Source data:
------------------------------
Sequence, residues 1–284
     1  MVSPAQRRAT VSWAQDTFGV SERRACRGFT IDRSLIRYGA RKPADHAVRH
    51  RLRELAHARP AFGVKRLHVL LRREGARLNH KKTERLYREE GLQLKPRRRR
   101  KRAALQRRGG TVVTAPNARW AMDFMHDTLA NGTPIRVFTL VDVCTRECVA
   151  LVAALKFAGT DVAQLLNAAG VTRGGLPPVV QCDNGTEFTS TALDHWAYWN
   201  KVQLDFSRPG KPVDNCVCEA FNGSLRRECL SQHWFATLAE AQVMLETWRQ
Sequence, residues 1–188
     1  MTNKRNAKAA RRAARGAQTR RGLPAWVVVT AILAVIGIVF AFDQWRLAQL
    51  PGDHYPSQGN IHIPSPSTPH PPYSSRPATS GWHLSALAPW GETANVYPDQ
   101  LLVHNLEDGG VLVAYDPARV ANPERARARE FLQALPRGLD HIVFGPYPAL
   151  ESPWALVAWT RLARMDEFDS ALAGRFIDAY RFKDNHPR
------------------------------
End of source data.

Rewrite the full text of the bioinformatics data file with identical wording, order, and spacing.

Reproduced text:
Sequence, residues 1–284
     1  MVSPAQRRAT VSWAQDTFGV SERRACRGFT IDRSLIRYGA RKPADHAVRH
    51  RLRELAHARP AFGVKRLHVL LRREGARLNH KKTERLYREE GLQLKPRRRR
   101  KRAALQRRGG TVVTAPNARW AMDFMHDTLA NGTPIRVFTL VDVCTRECVA
   151  LVAALKFAGT DVAQLLNAAG VTRGGLPPVV QCDNGTEFTS TALDHWAYWN
   201  KVQLDFSRPG KPVDNCVCEA FNGSLRRECL SQHWFATLAE AQVMLETWRQ
Sequence, residues 1–188
     1  MTNKRNAKAA RRAARGAQTR RGLPAWVVVT AILAVIGIVF AFDQWRLAQL
    51  PGDHYPSQGN IHIPSPSTPH PPYSSRPATS GWHLSALAPW GETANVYPDQ
   101  LLVHNLEDGG VLVAYDPARV ANPERARARE FLQALPRGLD HIVFGPYPAL
   151  ESPWALVAWT RLARMDEFDS ALAGRFIDAY RFKDNHPR